Day and Night is one of Escher's more famous works, so you have likely seen it and I'd like you to call it again to mind. Do you see it in your mind's eye? It is the one where there is a town in the light, and a mirror image in the dark of night. A river runs by, in the light, and the night. There are fields that become abstractions that become duck (or geese), flying <gestures a mesh with interwoven fingers of both hands> from the light, others in mirror image out of the night.

When you called it to mind, perhaps at first you were thinking of another Escher, or perhaps it struck you differently and you remembered different features. And that's the point, really. We don't know if what I call to mind, and see in my mind's eye is quite what you see, even if the original was the same image.

Another point of salience in this context, is that it conveys a movement, a fluid interplay, between the concrete and abstract, between what is and what is mirrored.

And that is where we are headed -- to talk about design as intention, and reflection of design as realized, and how we express and envision our designs. But first I would like to revisit how we think of software architecture, and the role visual expression plays in design.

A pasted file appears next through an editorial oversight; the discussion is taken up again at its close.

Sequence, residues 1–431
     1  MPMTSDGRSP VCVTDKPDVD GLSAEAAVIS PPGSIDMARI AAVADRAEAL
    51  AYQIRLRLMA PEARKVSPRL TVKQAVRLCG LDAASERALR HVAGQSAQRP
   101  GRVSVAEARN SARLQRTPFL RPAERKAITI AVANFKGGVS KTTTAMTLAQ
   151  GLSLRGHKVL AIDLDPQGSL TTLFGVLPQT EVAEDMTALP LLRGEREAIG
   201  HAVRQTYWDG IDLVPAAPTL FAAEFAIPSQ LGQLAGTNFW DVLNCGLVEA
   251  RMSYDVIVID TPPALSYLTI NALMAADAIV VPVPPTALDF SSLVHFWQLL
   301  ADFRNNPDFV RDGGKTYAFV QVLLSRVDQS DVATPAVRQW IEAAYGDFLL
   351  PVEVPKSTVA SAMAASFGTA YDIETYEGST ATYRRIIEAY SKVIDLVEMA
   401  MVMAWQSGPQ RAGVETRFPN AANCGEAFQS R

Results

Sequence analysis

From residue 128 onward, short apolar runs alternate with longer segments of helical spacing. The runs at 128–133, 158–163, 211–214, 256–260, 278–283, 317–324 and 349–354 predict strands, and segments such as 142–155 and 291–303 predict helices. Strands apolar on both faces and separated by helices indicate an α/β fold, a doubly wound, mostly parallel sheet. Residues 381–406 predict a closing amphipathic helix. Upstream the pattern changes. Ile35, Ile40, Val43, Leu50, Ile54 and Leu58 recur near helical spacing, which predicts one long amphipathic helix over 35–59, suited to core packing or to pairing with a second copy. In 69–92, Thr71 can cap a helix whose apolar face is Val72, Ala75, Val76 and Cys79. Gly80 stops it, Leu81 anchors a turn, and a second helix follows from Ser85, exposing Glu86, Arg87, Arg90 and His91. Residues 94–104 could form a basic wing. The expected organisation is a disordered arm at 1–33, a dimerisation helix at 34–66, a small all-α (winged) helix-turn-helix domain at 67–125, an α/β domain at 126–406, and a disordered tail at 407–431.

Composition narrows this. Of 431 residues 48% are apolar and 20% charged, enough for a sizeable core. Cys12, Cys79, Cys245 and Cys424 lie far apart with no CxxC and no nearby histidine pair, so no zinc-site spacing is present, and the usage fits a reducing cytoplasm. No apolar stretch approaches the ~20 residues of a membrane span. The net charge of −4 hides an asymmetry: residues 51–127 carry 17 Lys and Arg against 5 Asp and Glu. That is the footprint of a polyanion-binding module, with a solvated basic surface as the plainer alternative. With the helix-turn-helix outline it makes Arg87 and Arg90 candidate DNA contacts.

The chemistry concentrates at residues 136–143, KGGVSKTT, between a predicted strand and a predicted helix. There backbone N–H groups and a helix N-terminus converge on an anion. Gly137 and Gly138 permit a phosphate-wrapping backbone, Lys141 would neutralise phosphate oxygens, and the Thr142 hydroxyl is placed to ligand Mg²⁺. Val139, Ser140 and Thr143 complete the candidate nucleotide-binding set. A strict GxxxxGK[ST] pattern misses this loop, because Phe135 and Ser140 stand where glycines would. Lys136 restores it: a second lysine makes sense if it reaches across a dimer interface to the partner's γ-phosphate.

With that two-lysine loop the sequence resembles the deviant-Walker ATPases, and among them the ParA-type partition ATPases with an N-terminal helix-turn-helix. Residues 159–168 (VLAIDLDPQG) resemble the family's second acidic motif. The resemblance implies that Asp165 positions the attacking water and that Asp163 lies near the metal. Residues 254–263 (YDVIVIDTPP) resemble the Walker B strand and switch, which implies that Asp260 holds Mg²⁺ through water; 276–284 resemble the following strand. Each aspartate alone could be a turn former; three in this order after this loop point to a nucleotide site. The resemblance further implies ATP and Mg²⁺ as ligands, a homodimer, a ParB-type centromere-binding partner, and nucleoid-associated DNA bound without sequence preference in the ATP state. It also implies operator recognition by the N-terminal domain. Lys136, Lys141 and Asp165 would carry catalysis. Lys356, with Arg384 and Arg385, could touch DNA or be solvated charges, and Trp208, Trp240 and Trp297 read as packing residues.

I playfully subtitled the talk "Smoke and Mirrors" -- for it can seem like we practice magic and sleights of hand when we don't expressly communicate our design intention, or reflect on the design as realized, in order to iterate on and improve our understanding of what we have, and intend.

 

Here we have the definitions of intention and reflection from Ambrose Bierce's Devil's Dictionary. If you're not familiar with the Devil's Dictionary, it gives definitions a cynical side-eye, helping us understand something better by looking at the (negative) space left by contact of the concept with reality, and what that defines. Intention, then, is what we get, despite our intention -- an involuntary act. It is a big wink at our bias and foible and self delusions and intellectual aggrandizements.